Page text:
Gold: had been in danger of breaking below the $1525 – 40 support level but got a reprieve on the Euro Summit news…the downtrend from last August still looks strong:

GC-W-JUNE30

Crude: topped out this Feb around 110…below the highs made on Key Turn Date of May 2, 2011, and fell more than $30 before Friday’s big one day rally which came close to making a weekly key reversal

CLE-W-JUNE30

Euro: has been in a choppy downtrend since the May 2, 2011 Key Turn Date, the Friday rally came close to making a weekly key reversal.

EU6-W-JUNE30

S+P 500: despite the negative news the S+P has been trending up since Oct 4, 2011. The decline in May could be seen as a correction to that uptrend. There are 2 weekly key reversals up in the last 4 weeks.

EP-W-JUNE30

Bonds: In the Really Big Picture bonds have had a 30 year rally…shorter term the June 4 weekend top around 152 may have been a key turn date for bonds

USA-W-JUNE30

CAD: declined in May like many other assets…and turned up the June 4 weekend. European Bank Share Index: Also turned higher June 4 weekend

CA-W-JUNE30

European Bank Share Index: Also turned higher June 4 weekend

EBSX-W-JUNE30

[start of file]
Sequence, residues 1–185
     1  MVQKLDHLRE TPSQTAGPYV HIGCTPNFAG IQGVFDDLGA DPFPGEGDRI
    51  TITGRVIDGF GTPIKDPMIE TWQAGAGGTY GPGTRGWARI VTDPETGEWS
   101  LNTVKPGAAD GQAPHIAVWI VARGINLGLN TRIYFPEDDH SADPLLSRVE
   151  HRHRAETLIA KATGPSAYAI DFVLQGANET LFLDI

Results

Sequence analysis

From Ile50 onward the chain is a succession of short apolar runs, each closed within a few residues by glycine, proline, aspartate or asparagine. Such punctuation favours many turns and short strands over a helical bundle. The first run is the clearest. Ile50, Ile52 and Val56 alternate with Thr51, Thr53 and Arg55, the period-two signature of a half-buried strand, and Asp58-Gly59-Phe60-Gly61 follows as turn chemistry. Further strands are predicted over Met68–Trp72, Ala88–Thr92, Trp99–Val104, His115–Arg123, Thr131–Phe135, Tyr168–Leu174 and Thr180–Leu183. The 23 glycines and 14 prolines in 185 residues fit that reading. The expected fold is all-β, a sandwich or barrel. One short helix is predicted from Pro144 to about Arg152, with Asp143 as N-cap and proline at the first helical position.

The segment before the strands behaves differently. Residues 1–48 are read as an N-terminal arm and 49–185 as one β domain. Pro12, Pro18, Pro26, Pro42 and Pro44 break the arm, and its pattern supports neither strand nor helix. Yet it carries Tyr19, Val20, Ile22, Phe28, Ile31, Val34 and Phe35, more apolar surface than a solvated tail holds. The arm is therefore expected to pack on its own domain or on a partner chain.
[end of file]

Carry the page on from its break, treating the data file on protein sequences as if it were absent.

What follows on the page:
Cameco: Japanese demand? Global Marco? Or both…this market also turned higher June 4 weekend.

CCO-W-JUNE30

CAT: A volatile “commodity” stock, but also one of 30 stocks in the DJIA, CAT touched last year's May 2 key turn date in late Feb of this year before turning down hard.

CAT-W-JUNE30

CAT: but on the daily chart left a 4 day Island reversal when it gapped higher

CAT-D-JUNE30

Friday: Corn: another market that turned up on the June 4 weekend…prior to that date the market was expecting a record crop…since then hot weather has sharply reduced expectations

ZCE-W-JUNE30

Victor Adair

Senior Vice President and Derivatives Portfolio Manager

Victor Adair is a Senior Vice President and Derivatives Portfolio Manager at Union Securities Ltd. Victor began trading financial markets over 40 years ago and has held a number of senior positions during his long career as a commodity and stockbroker. He provides daily market commentary on CKNW AM 980 radio Vancouver and is nationally syndicated on Mike Campbell's weekly Moneytalks radio show.

Victor's trading focus is primarily on the currency, precious metal, interest rate and stock index markets and his clients are high net worth individuals and corporations.

vadair@union-securities.com">Click here to contact Victor.